Romford woman's death must end profit-driven private care, report finds
- Credit: The Bailey family
Private hospitals should not be used to care for people with autism and learning difficulties, a report into the death of a Collier Row woman has found.
An inquest jury last year found failures in her care on the night of her death.
Author of a serious case review published on September 9, Margaret Flynn, said Joanna’s care records were “unaccountably inadequate”, with only 68 per cent of her time at Cawston Park properly recorded.
The records which do exist show she had asked to be given more activities, but was instead left "inactive” and “sedentary”, causing her to gain weight and potentially worsen her sleep apnoea.
Cawston Park has since been closed.
Following the report, NHS England said it would continue to reduce the number of patients in specialist hospitals and the North East London CCG said it is committed to ensuring the recommendations are met in full.
£1,000 a day
- 1 Plane crash in Upminster sees man taken to hospital as a priority
- 2 Man charged with multiple child exploitation offences to stand trial
- 3 Future of bus route hangs in the balance as consultation ends
- 4 Coffee shop apologises for 'mis-post' offering kitten as Christmas prize
- 5 BHRUT 'determined to learn' after inquest finds failures in pensioner's care before her death
- 6 Man 'wraps metal chain around woman's neck' in Hornchurch park attack
- 7 Christmas lights switch-on to return in Romford
- 8 Revealed: The most popular baby names in your area in 2020
- 9 West Ham legend Sir Trevor Brooking supports charity golf day
- 10 Construction of new Rainham Leisure centre pushed back to 2022
Joanna began experiencing seizures at age 18 and was diagnosed with epilepsy and sleep apnoea.
After her condition deteriorated, she lived in various health facilities, moving to Cawston Park in 2016.
She was placed there by the then Newham Clinical Commissioning Group (CCG), since replaced by the North East London CCG.
Her placement was funded at £1,000 per day, yet her one-to-one supervision was cancelled and she was put under general observation at the often short-staffed facility.
"These private facilities are just making big bucks," said Keith Bailey, Joanna's father. "That money is supposed to be for specialist care and getting people better. But these places are run on a shoestring.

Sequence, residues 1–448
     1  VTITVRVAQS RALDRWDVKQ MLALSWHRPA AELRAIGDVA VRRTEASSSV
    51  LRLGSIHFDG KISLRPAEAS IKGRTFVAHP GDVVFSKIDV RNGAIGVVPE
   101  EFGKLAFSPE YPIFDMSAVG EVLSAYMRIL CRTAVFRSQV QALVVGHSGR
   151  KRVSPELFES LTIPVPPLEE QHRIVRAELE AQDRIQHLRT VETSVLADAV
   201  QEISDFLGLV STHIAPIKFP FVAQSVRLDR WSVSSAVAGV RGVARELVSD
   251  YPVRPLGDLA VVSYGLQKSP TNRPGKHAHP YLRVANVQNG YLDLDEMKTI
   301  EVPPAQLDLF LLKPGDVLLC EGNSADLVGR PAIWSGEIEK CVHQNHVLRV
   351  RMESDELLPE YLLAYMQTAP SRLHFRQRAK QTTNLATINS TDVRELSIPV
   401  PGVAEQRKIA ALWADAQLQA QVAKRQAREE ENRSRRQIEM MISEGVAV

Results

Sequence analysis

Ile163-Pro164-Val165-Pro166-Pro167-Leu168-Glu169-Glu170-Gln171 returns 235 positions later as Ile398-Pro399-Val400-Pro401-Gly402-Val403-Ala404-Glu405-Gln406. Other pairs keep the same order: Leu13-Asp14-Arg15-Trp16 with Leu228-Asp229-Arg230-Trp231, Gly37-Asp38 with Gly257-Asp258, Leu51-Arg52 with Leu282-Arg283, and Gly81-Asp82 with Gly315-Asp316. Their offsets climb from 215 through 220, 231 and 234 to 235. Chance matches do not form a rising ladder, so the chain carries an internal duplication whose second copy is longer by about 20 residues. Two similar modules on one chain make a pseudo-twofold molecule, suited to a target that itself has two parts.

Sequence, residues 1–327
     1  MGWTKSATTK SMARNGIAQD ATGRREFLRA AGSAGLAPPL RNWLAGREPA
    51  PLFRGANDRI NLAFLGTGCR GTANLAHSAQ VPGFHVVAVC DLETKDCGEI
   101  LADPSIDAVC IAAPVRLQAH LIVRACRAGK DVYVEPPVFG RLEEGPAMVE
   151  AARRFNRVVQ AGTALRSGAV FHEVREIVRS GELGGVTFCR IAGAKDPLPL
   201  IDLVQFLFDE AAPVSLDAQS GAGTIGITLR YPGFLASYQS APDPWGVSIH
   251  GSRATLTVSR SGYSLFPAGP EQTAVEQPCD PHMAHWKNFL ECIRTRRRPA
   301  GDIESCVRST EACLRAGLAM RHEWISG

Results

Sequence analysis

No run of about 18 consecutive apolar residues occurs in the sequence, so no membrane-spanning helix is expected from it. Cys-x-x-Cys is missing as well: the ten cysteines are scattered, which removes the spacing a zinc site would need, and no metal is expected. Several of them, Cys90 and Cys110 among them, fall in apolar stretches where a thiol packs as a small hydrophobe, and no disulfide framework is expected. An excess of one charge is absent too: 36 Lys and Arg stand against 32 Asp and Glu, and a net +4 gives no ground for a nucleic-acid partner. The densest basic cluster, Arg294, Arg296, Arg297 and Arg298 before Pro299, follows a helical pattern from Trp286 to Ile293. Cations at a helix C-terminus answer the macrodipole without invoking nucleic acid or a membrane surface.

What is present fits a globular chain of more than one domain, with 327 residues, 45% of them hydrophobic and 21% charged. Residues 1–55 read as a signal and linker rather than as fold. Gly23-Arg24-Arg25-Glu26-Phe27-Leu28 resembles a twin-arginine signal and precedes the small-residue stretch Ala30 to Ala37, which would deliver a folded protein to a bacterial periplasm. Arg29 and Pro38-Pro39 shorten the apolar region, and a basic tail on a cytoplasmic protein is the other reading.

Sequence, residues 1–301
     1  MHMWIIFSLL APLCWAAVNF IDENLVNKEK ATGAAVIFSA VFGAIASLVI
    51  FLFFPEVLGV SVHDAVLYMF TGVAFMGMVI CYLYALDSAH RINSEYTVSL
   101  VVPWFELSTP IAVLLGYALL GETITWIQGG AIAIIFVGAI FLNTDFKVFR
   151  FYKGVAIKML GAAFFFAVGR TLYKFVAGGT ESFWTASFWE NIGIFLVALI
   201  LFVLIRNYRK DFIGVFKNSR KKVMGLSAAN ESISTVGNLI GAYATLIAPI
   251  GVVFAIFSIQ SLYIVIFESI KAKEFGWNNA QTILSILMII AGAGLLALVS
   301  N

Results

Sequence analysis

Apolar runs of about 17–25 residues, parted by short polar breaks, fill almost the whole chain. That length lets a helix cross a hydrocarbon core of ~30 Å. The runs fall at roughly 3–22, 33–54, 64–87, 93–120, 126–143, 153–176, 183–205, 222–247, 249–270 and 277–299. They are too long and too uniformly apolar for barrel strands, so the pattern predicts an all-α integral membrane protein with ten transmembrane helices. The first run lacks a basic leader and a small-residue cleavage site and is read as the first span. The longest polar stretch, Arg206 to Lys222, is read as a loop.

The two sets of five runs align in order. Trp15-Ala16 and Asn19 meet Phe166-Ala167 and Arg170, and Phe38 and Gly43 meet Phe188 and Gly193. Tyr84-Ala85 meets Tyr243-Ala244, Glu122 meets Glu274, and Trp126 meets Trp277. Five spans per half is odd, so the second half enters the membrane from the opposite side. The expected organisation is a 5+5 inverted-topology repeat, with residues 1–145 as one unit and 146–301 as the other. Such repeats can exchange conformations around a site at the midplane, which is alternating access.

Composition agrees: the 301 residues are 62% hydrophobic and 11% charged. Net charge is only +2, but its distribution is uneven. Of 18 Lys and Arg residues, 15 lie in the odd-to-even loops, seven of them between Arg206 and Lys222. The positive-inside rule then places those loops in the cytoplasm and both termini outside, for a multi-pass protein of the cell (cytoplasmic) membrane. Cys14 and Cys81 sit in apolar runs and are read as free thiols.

"Her one-to-one was because of her epilepsy, among other things, which was a major threat and ultimately did kill her. They just took the money and didn't do the care.”
Mrs Flynn wrote: “The roots of private, specialist hospitals reside in business opportunism and profit-driven priorities.
She questioned why the NHS continued to use them and why the health watchdog, the Care Quality Commission (CQC), continued to register them.
“Unless this hospital and similar units cease to receive public money, such lethal outcomes will persist," she wrote.
Questioned about the removal of Joanna's one-to-one status, Cawston Park's owner Jeesal said she had agreed to it.
But the report questioned whether she had the capacity to make such an important decision.
Mr Bailey said: "She'd had a test done at a hospital prior to her move to Norfolk and they gave her mental age as that of an eight-year-old.”
Joanna was supposed to wear a breathing mask while sleeping to help prevent seizures, but after she died, tests found it was only used 29 out of the last 209 nights.
Jeesal said it was Joanna’s decision not to wear it.
"You're asking a person that doesn't fully understand,” said Mr Bailey, describing the explanation as "disgusting" and "all totally wrong".
Mr Bailey said he believed facilities should have to carry out capacity tests on new patients.
He said he was sad that Joanna's death did not appear to have sparked changes.
"Joanna was the first to die because of all the problems that were going on," he said.
"But they didn't learn - because after that, there were two other deaths in similar circumstances.”
The serious case review found similar failings in the treatment of two other patients who died at Cawston Park – Ben King and Nicholas Briant.
"You would have thought that the CQC would have done more investigation and closed down that place quicker,” said Mr Bailey. “It might have prevented those two other deaths."
The CQC said patients’ treatment at Cawston Park was “unacceptable” and when improvements were not made, it took enforcement action.
The hospital has since closed.
Mr Bailey said: "I think the NHS should go back to looking after people, rather than putting them in private facilities.
"There should be more small, residential care homes for people with learning difficulties. Then they would get the love and the care they need."
The North East London CCG said: "We accept the report’s findings, including the clear failings highlighted in Joanna’s care at Jeesal Cawston Park, and are committed to working with partners to ensure its recommendations are met in full.
"Our thoughts and deepest sympathy are with Joanna’s family and those affected by her loss."
NHS England said it would continue to reduce the number of patients in specialist hospitals and prioritise community care.
The Jeesal Care Corporation did not respond to Archant’s requests for comment, but told the BBC: "The care they received at Cawston Hospital fell far below the standards we would have expected.
"We are deeply sorry that we let the families down.
"We closed Cawston Park Hospital and whilst the property is owned by our holding company, we will never run it as a hospital again nor will we ever operate any other hospital."